Traveler’s cheque


A traveler’s cheque is a preprinted, fixed-amount
cheque designed to allow the person signing it to make an unconditional payment to someone
else as a result of having paid the issuer for that privilege. They were generally used by people on vacation
instead of cash, as many businesses used to accept traveler’s cheques as currency. Merchants and other parties would accept them
as if they were currency because, as long as the original signature and the signature
made at the time the check is used is the same, the traveler’s check issuer will unconditionally
guarantee payment of the face amount even if the check is fraudulently issued, was stolen
or lost. In short, a traveler’s check can never ‘bounce’
unless the issuer goes bankrupt and out of business. If a traveler’s cheque were lost or stolen,
it could be replaced by the issuing financial institution. Their use has been in decline since the 1990s
as alternatives, such as credit cards, debit cards, and automated teller machines became
more widely available and were easier and more convenient for travelers. Travelers cheques are no longer widely accepted
and cannot easily be cashed, even at the banks that issue the cheques. Terminology
Legal terms for the parties to a traveler’s cheque are the obligor or issuer, the organization
that produces it; the agent, the bank or other place that sells it; the purchaser, the natural
person who buys it, and the payee, the entity to whom the purchaser writes the cheque for
goods and/or services. For purposes of clearance, the obligor is
both maker and drawee. History
Traveler’s cheques were first issued on 1 January 1772 by the London Credit Exchange
Company for use in ninety European cities, and in 1874, Thomas Cook was issuing ‘circular
notes’ that operated in the manner of traveler’s cheques. American Express was the first company to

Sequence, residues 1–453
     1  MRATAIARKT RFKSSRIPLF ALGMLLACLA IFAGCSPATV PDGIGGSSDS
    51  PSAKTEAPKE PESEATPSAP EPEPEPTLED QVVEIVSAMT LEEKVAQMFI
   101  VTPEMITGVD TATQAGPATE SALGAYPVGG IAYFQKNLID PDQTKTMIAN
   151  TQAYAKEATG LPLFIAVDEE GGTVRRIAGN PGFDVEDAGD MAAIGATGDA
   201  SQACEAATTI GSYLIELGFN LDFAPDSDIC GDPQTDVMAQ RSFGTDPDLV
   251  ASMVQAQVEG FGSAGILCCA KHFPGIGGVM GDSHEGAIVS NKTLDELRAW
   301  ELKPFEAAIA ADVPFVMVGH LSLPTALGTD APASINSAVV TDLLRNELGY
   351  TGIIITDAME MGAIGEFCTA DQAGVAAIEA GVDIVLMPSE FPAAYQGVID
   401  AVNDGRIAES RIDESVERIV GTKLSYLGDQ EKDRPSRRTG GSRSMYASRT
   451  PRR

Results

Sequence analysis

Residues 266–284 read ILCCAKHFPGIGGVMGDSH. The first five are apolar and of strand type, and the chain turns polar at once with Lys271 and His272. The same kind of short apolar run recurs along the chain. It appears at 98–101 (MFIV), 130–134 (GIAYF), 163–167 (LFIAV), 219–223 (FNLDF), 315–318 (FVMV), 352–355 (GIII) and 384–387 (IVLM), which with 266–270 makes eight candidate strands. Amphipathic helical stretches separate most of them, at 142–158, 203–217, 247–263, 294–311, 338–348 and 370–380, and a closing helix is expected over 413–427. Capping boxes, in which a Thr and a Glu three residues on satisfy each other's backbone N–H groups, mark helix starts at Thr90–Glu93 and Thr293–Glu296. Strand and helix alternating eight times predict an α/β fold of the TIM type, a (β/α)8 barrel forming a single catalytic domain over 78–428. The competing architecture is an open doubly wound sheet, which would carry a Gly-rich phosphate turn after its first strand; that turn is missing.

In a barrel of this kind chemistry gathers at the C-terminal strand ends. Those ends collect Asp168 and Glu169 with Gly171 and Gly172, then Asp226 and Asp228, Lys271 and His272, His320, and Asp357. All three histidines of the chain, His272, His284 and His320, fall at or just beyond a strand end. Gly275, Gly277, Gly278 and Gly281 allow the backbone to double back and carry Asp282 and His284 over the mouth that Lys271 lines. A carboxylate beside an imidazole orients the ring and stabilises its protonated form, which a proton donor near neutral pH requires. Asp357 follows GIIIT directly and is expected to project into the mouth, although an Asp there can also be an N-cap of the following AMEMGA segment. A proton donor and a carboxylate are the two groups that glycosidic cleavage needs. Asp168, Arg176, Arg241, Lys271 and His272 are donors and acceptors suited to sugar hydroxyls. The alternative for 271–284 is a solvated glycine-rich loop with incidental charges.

develop a large-scale traveller’s cheque system in 1891, and is still the largest issuer of
traveler’s cheques today by volume. American Express’s introduction of traveler’s
cheques is traditionally attributed to employee Marcellus Flemming Berry, after company president
J.C. Fargo had problems in smaller European cities obtaining funds with a letter of credit. Between the 1950s and the 1990s, travelers
cheques became one of the main ways that people took money on vacation for use in foreign
countries without the risks associated with carrying large amounts of cash. Several brands of travelers cheques have been
marketed; the most familiar of those were Thomas Cook Group, Bank of America and American
Express. Declining use
The wider acceptance and better security of the alternatives such as credit and debit
cards has meant a significant decline in the use of travelers cheques since the 1990s. In addition, the security issues for retailers
accepting travelers cheques has meant that many businesses no longer accept them, making
them less attractive to travelers. This has led to complaints about the difficulty
that holders have in using them. In much of Europe and Asia, the cheques are
no longer widely accepted and can not easily be cashed, even at the banks that issue the
cheques. Usage
Purchasing cheques for later use Travelers cheques are sold by banks and financial
specialist to customers for use at a later time. Upon obtaining custody of a purchased supply
of traveler’s cheques, the purchaser should immediately write his or her signature once
upon each cheque, usually on the cheque’s upper portion. This helps protect them if they are stolen. The purchaser will also have received a receipt
and some other documentation that should be kept in a safe place other than where he or
she carries the cheques. Traveler’s cheques can usually be replaced
if lost or stolen. Cashing cheques
When wanting to cash a traveler’s cheque while making a purchase, the purchaser should, in
the presence of the payee, date and countersign the cheque in the indicated space, usually